This paper explores the influence of forest edge on the development of tree reproduction and the use of edge as a silvicultural tool for manipulating regeneration outcomes. Oak (Quercus spp.) reproduction was sampled 9 years following edge establishment along transects extending from8minto clearcut openings to 40minto the adjacent intact forest. Trends showed that oak reproduction height in the intact forest was inversely related to distance from edge up to 20 m into the intact forest. Observed oak reproduction densities were greater within 20 m of edge than in distance intervals further into the intact forest. Tree-ring analysis of 106 seedlings was used to evaluate temporal responses associated with edge development. Cross-sectional analysis indicated a mean age of 13 years, 3 years prior to edge establishment. Increased growth was associated with edge establishment, and 10-year radial growth following edge creation showed a similar spatial pattern as height with oak seedlings within 20 m of the edge exhibiting significantly greater growth than those occurring furthest into the intact forest. This study suggests that forest edge can be used to provide environments useful in building reproductive capacity for species like oaks that require advance reproduction.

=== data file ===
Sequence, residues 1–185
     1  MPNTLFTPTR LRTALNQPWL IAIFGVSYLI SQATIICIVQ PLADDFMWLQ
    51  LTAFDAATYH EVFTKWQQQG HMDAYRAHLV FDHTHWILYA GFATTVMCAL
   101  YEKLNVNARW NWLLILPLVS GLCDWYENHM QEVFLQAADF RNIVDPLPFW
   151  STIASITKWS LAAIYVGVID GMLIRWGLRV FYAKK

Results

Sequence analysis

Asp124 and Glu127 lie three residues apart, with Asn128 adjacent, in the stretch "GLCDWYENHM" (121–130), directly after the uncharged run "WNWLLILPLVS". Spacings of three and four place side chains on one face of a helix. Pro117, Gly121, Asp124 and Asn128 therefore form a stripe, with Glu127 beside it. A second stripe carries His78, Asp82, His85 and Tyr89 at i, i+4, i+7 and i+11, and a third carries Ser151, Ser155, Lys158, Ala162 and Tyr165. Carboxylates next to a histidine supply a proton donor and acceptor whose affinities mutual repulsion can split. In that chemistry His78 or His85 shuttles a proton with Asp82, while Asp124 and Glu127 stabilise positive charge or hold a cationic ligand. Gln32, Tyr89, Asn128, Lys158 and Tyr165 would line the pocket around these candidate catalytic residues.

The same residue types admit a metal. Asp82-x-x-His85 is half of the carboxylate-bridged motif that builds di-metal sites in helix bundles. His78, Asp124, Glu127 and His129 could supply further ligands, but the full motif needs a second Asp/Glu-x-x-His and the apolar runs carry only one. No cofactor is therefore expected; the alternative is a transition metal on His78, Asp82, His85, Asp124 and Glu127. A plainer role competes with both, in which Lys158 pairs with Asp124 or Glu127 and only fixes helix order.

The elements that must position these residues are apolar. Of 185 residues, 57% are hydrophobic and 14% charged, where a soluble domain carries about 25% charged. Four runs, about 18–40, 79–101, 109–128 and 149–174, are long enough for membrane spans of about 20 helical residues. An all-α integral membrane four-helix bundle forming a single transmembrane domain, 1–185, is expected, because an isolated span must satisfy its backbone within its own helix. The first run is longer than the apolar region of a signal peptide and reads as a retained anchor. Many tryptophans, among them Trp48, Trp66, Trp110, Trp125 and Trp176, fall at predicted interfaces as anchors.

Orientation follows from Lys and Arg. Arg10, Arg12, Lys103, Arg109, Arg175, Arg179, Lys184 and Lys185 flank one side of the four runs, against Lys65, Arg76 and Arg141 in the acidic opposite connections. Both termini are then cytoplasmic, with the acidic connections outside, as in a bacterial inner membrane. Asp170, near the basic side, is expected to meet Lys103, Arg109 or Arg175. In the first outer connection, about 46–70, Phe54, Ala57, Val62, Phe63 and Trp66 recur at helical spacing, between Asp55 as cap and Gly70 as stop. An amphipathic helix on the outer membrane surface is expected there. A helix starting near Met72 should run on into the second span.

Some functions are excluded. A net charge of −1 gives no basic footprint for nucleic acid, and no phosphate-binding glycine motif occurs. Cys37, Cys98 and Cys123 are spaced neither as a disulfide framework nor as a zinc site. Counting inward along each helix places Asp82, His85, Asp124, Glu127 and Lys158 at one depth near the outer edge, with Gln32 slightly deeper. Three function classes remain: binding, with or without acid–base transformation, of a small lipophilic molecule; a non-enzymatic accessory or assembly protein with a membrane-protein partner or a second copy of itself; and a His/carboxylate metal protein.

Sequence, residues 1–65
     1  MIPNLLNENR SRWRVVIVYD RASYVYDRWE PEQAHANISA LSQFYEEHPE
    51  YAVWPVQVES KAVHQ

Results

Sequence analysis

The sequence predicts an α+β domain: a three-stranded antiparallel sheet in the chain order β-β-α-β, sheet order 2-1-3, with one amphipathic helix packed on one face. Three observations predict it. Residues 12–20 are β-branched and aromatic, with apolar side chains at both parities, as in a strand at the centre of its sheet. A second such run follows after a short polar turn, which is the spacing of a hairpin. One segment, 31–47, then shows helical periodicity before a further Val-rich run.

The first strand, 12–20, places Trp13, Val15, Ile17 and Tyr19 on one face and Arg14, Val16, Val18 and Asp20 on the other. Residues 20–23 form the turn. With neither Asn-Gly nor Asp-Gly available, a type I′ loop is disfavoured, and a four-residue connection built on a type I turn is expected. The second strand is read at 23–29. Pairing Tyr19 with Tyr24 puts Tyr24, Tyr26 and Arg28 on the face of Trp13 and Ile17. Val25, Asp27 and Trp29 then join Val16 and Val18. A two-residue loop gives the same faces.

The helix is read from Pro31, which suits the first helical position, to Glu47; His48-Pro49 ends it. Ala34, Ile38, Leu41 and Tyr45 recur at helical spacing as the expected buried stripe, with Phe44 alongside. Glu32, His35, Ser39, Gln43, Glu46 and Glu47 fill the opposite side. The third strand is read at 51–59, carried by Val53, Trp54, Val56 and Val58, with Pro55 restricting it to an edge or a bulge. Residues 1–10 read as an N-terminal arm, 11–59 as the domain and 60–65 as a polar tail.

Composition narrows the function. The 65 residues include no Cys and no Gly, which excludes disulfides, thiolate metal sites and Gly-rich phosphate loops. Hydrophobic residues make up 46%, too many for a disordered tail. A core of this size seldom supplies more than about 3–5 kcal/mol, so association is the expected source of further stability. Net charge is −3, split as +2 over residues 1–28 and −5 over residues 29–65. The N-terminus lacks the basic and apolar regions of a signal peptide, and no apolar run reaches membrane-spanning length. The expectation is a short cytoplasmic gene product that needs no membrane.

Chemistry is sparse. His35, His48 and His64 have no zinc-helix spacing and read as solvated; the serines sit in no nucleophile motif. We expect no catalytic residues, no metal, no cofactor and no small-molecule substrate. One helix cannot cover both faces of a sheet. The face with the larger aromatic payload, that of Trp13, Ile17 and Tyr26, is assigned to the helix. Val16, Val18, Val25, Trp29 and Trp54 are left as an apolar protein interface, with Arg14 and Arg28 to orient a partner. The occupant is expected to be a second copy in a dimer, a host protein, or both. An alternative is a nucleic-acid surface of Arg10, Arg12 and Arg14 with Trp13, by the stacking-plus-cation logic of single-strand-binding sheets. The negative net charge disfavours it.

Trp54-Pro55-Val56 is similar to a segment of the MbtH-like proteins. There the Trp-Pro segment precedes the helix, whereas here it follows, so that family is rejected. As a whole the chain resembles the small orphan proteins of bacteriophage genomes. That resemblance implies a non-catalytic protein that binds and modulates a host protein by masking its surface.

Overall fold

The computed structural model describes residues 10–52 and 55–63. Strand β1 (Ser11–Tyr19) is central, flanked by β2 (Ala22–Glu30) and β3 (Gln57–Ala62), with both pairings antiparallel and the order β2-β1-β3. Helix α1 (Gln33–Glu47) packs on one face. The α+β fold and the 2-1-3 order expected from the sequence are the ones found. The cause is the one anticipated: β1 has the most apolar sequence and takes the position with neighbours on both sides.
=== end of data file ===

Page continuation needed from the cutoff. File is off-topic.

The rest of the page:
|Number of pages||8|
|Journal||Canadian Journal of Forest Research|
|State||Published - Jul 2013|
ASJC Scopus subject areas
- Global and Planetary Change